The old saw is that behind every great man is a woman. To be truthful, the woman has to be pretty extraordinary to get through the vicissitudes that a great man can face, as well as the vicissitudes the man himself may throw at her. Jane Hawking detailed those travails of living with her husband, cosmologist Stephen Hawking, in the book “Traveling to Infinity: My Life with Stephen.” That book is the basis for The Theory of Everything.
The movie picks up Stephen’s life when he enters Cambridge as the pupil of Dennis Sciama, who was himself a famous physicist and is counted as one of the fathers of modern cosmology. Stephen is brilliant but unfocused, unsure where to aim his powerful intellect. In a wonderful scene, Sciama (David Thewlis) takes Stephen (Eddie Redmayne) into one of the labs at the school and explains some of the great work done in that room, such as Ernest Rutherford’s splitting the atom in 1917. (Rutherford had already received the Nobel prize in chemistry in 1908 for work on the disintegration of elements and the chemistry of radioactive substances.) Sciama leaves Stephen there to contemplate what he will do.
Soon after his arrival at Cambridge, Stephen meets Jane Wilde (Felicity Jones) at a campus mixer. It was an odd mix from the start, since Jane is an Arts major with a focus on medieval poetry. Jane is also a faithful member of the Church of England while Stephen isn’t a believer. In the film he explains that cosmology is “kind of the religion of intelligent atheists.” While attending a party with Jane, Stephen is inspired to focus his study on time, with the idea of following time backward to the creation of the universe. But it seems that time is something Stephen won’t have when he’s diagnosed with what was called motor neurone disease in the UK, but is more commonly known as ALS or, in the States, Lou Gerig’s Disease. The doctor gives him two years to live.
The Theory of Everything is an incredibly intimate portrait of the highs and lows of a marriage. With the Hawkings, the highs were stratospheric, the lows devastating. Both of the principles cooperated extensively with the filmmakers. Stephen lent the production his copy of his doctoral thesis that he had signed at the time, and he allowed them the use of his copyrighted mechanical voice. In the delightful scene when he first gets the voice simulator, Jane is surprised that it has an American accent and wonders if there are any English voice options.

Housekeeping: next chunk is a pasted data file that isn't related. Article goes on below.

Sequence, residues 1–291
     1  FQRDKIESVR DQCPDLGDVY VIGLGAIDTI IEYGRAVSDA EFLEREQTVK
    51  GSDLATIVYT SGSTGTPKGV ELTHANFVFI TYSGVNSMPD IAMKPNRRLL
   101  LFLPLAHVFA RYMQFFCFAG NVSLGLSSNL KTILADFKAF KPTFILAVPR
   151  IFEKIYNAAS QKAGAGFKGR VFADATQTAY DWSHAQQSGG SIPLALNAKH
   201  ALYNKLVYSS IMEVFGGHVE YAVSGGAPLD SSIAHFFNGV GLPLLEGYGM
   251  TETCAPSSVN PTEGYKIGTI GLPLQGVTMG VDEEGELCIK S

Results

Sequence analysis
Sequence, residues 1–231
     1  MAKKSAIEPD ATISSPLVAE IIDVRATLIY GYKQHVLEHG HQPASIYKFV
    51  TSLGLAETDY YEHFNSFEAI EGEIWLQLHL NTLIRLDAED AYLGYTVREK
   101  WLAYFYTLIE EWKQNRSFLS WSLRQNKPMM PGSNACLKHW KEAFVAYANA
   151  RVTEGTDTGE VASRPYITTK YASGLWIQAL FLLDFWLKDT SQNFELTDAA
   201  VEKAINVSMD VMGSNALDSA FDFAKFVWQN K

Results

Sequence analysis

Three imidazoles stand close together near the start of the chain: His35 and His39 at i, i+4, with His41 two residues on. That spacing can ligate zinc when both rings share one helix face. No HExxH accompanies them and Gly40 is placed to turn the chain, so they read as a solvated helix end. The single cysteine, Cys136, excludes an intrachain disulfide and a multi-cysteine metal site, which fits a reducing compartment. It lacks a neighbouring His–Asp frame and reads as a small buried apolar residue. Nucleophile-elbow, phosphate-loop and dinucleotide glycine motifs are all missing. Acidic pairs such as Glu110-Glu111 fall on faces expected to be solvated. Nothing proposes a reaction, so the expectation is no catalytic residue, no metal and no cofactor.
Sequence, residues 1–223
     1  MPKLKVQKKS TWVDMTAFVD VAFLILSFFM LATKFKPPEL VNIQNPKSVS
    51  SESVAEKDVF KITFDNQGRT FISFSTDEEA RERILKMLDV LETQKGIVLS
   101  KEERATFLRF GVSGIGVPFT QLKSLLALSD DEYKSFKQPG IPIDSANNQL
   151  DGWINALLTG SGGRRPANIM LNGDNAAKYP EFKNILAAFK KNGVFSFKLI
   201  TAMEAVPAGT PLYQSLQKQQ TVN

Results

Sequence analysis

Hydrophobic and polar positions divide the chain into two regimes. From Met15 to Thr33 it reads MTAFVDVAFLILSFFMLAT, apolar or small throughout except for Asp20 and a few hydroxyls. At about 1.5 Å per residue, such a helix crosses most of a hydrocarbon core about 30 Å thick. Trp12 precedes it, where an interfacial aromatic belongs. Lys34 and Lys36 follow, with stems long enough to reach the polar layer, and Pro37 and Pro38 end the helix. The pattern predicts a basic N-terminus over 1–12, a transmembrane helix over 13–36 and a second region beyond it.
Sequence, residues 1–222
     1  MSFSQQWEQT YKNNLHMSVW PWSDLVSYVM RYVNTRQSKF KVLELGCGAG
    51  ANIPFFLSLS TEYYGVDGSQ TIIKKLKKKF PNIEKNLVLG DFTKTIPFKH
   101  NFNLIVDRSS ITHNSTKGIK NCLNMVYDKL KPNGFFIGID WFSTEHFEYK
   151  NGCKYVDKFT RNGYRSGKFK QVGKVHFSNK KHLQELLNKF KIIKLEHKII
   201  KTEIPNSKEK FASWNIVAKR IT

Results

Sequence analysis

The movie could have been a turgid tearjerker like the disease-of-the-week films that television loves, but screenwriter Anthony McCarten has done a sterling job adapting the book and filling the movie with surprising humor. The mechanical voice is used this way a couple of times. After receiving it, Stephen has it say the first line of “A Bicycle Built for Two,” ala HAL in 2001: A Space Odyssey, and later he chases his children in his wheelchair while the voice repeats “Exterminate, exterminate.” That humor makes the tears that the movie does jerk from us come from our hearts, not shallow sentiment.
Eddie Redmayne is a revelation as Hawking. He was excellent in his first major role, My Week With Marilyn, and held his own in Les Miserables, but here he’s able to speak volumes with a slight smile. It was a physically demanding performance for which he lost 15 lbs and also trained for months as a dancer to gain complete control of his body. His remaining in character physically in between takes actually hurt the alignment of his spine. Redmayne’s dedication to the role has already brought him the Golden Globe for best actor in a dramatic role, and it may translate to Oscar gold at the end of next month. Interestingly, fellow nominee (and close friend) Benedict Cumberbatch is another actor who has portrayed the cosmologist, in the 2004 BBC TV-movie “Hawking.” Hawking has gotten into the act himself, you could say, with recent appearances on “The Simpsons” and “The Big Bang Theory.”
But you need iron to sharpen iron, and Felicity Jones provides that. Hers is a deeply internalized embodiment of Jane, where the character shines out through her eyes. Her first major leading role was in 2011’s Like Crazy, which also starred Jennifer Lawrence (pre-Hunger Games) and Alex Kingston (“Doctor Who,” “ER”). Like Remayne, with this role she matures into a full-fledge and powerful actress.
Director James Marsh is known more as a documentarian, having won the Oscar for Man On Wire in 2008. His eye for drama in real life serves the film well. Assisting with the emotional impact of the film is a gorgeous score by Icelandic composer Johann Johannsson, who picked up the award for best score at the Golden Globes. He’s likely to win the Oscar as well, since his main competition, Alexandre Desplat, is nominated for two films (The Imitation Game and The Grand Budapest Hotel) which will likely split his support.
Although there have been some changes made to the story, Stephen Hawking told the filmmakers that watching the movie was like watching scenes from his life. For a biographical film, that’s the best recommendation you can get.